Birch Bay Waterslides to undergo refurbishment, remain closed for 2024 season


Birch Bay Waterslides won’t be open this summer as its operating permit remains suspended following a serious injury at the end of last season. Water park management is planning a full refurbishment and hopes to reopen summer 2025. 

Water park manager Iain Buchanan confirmed to The Northern Light that the park would be closed this season. 

“We are getting too far into the season,” Buchanan said. “It became too difficult, if not impossible, to get everything done in a timely manner and it’s not something we wanted to rush.”

Buchanan said water park management wants to take a step back this summer and look at a full refurbishment, which would likely include new slides and attractions. The project may be phased or the park may “see some things really go,” he said.

“We are a 40-year-old park and we actively celebrate that,” he said. “We’re really looking at this as a springboard into the future.”

Season ticket holders will be notified by email about refunds soon, Buchanan said, adding there are a lot of variables with refunds, such as when the tickets were purchased. The website will have updates as they are available, Buchanan said.

The facility has submitted operation and maintenance records needed to start the process of having its permit reinstated. The Whatcom County Health and Community Services (WCHCS) sent a compliance agreement to the water park April 12 outlining the code violations the water park needs to remedy and other requirements to reopen, such as having an engineer inspect slides’ fasteners and exterior surfaces. 

Once the water park has completed everything in the agreement, WCHCS will inspect the facility within two weeks of a proposed opening date to confirm all criteria have been met. 

Birch Bay Waterslides shut down a week before its season ended, on August 25, 2023, following a 43-year-old man being seriously injured while going down the Hairpin slide. The man’s legs went through a splash guard on the fourth turn, causing significant lacerations to both legs. Incident reports obtained by The Northern Light describe the man’s left heel as being almost completely off and lower right leg, from the foot to knee, as sliced to the muscle and bone.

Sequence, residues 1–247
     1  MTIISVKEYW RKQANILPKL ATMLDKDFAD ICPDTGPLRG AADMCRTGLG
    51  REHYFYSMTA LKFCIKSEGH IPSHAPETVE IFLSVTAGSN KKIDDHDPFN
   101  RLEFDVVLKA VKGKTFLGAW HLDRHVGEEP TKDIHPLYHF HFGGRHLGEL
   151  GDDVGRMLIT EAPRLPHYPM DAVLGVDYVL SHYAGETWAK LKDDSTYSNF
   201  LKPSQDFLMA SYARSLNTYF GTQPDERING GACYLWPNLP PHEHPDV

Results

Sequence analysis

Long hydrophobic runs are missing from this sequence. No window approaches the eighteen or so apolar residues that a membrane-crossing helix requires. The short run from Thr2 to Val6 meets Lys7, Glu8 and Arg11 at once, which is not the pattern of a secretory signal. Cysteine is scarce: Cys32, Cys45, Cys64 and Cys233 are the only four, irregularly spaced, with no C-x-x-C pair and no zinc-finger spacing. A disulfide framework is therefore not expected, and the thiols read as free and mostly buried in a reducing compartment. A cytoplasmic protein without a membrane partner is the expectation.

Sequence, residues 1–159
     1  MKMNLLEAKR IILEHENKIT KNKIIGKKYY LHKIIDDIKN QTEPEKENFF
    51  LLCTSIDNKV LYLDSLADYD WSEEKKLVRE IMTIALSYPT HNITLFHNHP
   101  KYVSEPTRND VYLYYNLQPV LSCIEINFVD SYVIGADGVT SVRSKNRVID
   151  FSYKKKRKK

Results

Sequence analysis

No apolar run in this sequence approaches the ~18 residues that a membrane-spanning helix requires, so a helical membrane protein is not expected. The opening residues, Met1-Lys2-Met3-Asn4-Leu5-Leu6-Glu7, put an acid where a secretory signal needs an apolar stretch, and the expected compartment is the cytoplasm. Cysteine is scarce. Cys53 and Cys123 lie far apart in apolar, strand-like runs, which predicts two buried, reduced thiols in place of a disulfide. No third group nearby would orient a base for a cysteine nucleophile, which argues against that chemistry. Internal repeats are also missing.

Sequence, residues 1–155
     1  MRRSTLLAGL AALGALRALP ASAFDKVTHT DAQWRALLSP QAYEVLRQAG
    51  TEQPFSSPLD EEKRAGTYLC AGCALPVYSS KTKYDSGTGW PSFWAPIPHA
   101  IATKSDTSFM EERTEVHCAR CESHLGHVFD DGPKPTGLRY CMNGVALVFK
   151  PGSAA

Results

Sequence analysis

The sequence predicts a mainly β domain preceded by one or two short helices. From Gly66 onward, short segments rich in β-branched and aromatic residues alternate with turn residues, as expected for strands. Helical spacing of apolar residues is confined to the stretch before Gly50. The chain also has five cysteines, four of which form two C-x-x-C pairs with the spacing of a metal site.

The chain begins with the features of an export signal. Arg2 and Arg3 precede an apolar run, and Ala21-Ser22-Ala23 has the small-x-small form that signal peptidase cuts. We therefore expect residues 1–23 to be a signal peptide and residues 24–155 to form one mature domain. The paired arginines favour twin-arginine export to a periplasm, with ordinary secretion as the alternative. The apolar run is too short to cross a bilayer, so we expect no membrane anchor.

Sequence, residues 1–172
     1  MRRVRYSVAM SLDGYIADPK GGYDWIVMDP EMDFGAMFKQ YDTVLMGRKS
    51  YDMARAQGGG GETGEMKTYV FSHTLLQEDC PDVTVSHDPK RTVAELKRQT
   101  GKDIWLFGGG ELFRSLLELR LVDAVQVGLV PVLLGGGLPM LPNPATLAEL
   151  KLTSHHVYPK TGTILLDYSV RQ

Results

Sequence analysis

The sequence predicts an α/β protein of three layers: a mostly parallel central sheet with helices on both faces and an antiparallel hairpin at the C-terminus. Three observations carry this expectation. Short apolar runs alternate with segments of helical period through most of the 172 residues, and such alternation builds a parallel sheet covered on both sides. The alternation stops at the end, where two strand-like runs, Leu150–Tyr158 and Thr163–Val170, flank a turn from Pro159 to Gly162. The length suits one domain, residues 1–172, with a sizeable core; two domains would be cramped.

The man was flown from PeaceHealth St. Joseph Medical Center in Bellingham to ICU at Harborview Medical Center in Seattle, where he was discharged nearly two weeks later on September 7.

WCHCS visited the park on August 29 and issued citations for the existence of an imminent hazard caused by the broken splash guard, failure to monitor and properly maintain recordkeeping, and failure to provide documentation of emergency response training. 

The county health department fully suspended the park’s operating permit in early September after the park failed to provide inspection records. The water park submitted the records March 8, according to WCHCS spokesperson Marie Duckworth. 

“We wanted to make sure we had all of the information they had requested, located in different areas on different computers,” Buchanan said. “We communicated with the health department along the way that we felt it was best, instead of piecemeal it, to put it all together and hand it to them in its entirety.”

Under the conditions to reopen, Birch Bay Waterslides is required to hire an engineer to inspect structural integrity throughout the park, including all fasteners holding slide decks and splash guards together, support structures, and the interior and exterior of the slides. WCHCS also directed that an engineer pay special attention to previously repaired damage found immediately below the point of failure.

Birch Bay Waterslides is required to submit a self-inspection plan that would include a detailed inspection schedule, a list of items required to be inspected, and maintenance documentation. The water park must also fix its code violations. 

The agreement sets out more stringent requirements than state regulations, which only requires water parks to submit maintenance and operation records to local health jurisdictions upon request, putting full trust in water parks that routine inspections and maintenance are done. However, before each season starts, WCHCS will require Birch Bay Waterslides to submit a complete engineering report to the health department and Whatcom County Building Services, as well as submit self-inspection and maintenance records to WCHCS.

Failure to comply could cause the water park’s permit to be temporarily suspended, according to the agreement. 

The attorney for the man who was injured didn’t immediately respond to a request for comment. A lawsuit against Birch Bay Waterslides was filed for the incident in Whatcom County Superior Court on May 9.

Birch Bay Waterslides typically opens for weekends after Memorial Day Weekend and then fully opens late June through Labor Day Weekend. 

“I would like to reassure the public that we are doing our best to come back bigger, better and greater in 2025, to our best ability,” Buchanan said.  

This article was updated on May 14 to correct information about the lawsuit filed in Whatcom County Superior Court. We regret the error. 


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